‘Terminator: Dark Fate’ Director Tim Miller Explains John Connor’s Role

     November 4, 2019

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Spoilers for Terminator: Dark Fate follow below.

Audiences who checked out Terminator: Dark Fate this weekend were in for a bit of a shock mere minutes into the film, as it opens with a prologue that dispatches with one of the franchise’s key heroes. Indeed, the opening moments of the new movie—which is a direct sequel to Terminator 2—find Sarah Connor (Linda Hamilton) and John Connor (Edward Furlong) relaxing on a beach directly after the events of T2, having saved the world from judgment day. The actors reprise the roles via digital technology, but the scene doesn’t last long as Arnold Schwarzenegger’s T-800 sneaks up on John and shoots him twice in the chest with a shotgun, killing him. Thus begins the aptly named Terminator: Dark Fate.

John Connor’s death is a key piece of the Dark Fate puzzle, as it sets the stage for Hamilton’s reprisal as Sarah Connor now living a life of solitude on the run, hunting Terminators for a living, full of anger and resentment and regret.

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Image via TriStar Pictures

Director Tim Miller explained his decision to kill John Connor in the opening moments of the movie in an interview with THR, noting that when they were deciding who the new savior of the film should be—filling the John Connor role—they pretty quickly knew they wanted someone different:

“You’d think it [killing John off] was probably a controversial decision, but it really wasn’t. There was a lot of talk at the really early stages of should this new savior be someone who was connected to the Connors? Should it be John’s daughter or something like that? Which I was always against, because I’m just not a fan of the Chosen One sort of movie as much as I am of a hero sort of rising to meet adversity, who could be an everyman or an everywoman. I identify with those people much more than I do with Neo in The Matrix or King Arthur or something like that. So I was all for this being some new person that wasn’t connected to the Connors and had been chosen by the hand of fate.”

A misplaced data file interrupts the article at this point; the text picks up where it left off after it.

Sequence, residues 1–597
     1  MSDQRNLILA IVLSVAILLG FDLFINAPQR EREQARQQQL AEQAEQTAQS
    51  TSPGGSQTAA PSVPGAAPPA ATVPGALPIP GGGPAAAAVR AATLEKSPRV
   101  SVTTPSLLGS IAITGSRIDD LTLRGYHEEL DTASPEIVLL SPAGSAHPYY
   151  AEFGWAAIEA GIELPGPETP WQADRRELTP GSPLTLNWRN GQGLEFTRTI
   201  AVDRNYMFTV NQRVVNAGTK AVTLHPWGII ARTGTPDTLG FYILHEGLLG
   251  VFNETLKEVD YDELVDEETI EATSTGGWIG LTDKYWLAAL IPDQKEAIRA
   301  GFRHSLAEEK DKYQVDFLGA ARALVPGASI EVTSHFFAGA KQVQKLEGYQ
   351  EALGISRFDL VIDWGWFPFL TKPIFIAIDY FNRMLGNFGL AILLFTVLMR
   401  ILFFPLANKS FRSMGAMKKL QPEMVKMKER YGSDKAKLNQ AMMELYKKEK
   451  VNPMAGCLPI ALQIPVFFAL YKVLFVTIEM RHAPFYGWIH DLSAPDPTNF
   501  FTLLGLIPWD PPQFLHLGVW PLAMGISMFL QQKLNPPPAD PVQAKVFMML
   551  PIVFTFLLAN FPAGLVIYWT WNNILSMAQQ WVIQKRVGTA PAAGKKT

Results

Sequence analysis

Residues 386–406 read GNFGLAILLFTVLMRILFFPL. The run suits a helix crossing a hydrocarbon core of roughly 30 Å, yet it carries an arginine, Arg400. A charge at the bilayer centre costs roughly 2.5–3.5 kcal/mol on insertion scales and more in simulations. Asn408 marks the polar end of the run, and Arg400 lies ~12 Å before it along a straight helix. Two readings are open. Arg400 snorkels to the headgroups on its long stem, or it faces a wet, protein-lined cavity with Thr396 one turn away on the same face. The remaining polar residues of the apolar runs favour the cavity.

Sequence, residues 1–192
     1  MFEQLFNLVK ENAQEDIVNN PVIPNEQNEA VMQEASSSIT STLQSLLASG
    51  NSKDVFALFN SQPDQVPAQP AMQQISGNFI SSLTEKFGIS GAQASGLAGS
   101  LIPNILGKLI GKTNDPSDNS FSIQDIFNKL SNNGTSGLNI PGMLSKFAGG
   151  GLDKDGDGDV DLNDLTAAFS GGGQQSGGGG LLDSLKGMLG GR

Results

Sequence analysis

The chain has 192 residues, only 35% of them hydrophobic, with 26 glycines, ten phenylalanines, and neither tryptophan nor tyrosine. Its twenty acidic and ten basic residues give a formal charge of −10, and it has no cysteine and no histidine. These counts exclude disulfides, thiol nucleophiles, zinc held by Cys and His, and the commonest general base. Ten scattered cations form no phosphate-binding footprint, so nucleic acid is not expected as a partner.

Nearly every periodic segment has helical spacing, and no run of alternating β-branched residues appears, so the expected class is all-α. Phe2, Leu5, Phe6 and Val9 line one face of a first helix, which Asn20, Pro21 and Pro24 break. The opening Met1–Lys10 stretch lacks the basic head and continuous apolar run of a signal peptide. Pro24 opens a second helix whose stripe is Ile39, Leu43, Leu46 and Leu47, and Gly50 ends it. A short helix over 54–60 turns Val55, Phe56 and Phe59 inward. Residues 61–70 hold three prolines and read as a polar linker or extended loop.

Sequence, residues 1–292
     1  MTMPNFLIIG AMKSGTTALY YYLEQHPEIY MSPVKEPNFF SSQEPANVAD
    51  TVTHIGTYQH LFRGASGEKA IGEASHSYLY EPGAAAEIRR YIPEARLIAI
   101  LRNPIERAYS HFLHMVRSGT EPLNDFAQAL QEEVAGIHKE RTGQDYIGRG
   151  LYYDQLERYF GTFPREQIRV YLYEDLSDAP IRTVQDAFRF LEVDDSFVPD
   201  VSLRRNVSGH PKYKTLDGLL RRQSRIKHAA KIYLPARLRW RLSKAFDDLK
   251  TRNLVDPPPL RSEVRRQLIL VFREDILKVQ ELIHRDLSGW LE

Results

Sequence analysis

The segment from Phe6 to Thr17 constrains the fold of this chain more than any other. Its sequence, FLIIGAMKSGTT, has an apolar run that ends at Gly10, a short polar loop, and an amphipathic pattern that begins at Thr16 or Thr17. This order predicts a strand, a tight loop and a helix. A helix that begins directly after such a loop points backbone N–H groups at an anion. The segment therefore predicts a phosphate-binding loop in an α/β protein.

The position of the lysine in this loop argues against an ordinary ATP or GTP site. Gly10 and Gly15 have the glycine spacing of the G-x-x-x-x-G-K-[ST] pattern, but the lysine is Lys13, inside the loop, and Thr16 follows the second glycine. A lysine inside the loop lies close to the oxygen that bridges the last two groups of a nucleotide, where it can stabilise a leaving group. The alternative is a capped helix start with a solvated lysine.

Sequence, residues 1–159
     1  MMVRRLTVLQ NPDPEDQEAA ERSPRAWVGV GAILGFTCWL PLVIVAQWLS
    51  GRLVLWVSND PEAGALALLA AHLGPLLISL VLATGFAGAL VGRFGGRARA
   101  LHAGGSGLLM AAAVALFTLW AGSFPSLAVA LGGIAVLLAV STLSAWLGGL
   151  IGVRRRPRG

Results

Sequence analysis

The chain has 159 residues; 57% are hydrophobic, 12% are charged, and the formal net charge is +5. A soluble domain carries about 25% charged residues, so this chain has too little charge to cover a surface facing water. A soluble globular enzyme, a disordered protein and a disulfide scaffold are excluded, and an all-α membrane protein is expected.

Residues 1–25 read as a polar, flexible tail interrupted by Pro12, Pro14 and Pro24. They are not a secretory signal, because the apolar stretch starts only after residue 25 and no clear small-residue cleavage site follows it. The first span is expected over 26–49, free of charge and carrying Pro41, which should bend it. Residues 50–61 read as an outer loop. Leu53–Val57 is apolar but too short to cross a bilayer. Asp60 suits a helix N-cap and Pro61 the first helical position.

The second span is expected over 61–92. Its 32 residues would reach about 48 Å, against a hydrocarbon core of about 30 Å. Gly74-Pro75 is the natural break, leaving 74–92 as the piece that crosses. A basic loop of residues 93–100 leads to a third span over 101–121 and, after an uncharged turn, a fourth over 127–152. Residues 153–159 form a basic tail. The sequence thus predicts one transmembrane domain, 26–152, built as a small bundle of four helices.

Indeed, comparisons to Star Wars: The Force Awakens seem rather apt at this point, as that film also introduced a new hero disconnected to the Skywalker legacy. Or so we think…

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Image via Paramount Pictures

Miller continued by revealing that John Connor’s death was meant to fuel Sarah Connor’s arc for the film:

“We all knew a couple of things. One: Sarah Connor is not a happy character. She is best when she is driven and tragic and you need some rocket fuel for that. You can’t have John be a 36-year-old accountant somewhere. And really, when you think about it, he could be sort of a pathetic figure as a man who had missed his moment in history and was relegated to this banal, ordinary existence, when in fact had Sarah not chosen to destroy Cyberdyne, he would be the leader of humanity. Nobody wants to see that. Secondly, [John’s death], that’s rocket fuel for Sarah. And lastly, you need to clear the stage for these new characters. They are not going to be able to have their moment, or come into their moment, with John hanging around. There’s just no good way to do that.”

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Image via Paramount Pictures and Skydance Productions

And with that, Miller and producer James Cameron and the film’s team of screenwriters set about crafting a scene in which John Connor gets shot to death in the opening scene of the movie:

“Everybody was in pretty strong agreement, and the way to start it, was really, you want to have this dramatic impact. You want to slap the audience in the face and say, ‘Wake up. This is going to be different.’ I feel like that accomplished that. I hate the violence of it. I hate the idea of a kid being shot, but the dramatic fuel that it gives the story is kind of undeniable.”

It certainly makes an impression, I’ll say that much. Although Collider’s Matt Goldberg argues that the opening scene damages the legacy of T2 by never following up on the trauma that Sarah encounters by watching her only son die.

Regardless, it was a bold move in a film that finally serves as a worthwhile sequel to the first two movies. Unfortunately, its box office bust likely means the franchise is toast for the time-being, despite Cameron and the writers crafting out a story for future sequels. RIP John Connor. Until he’s resurrected for yet another reboot in 5-7 years…

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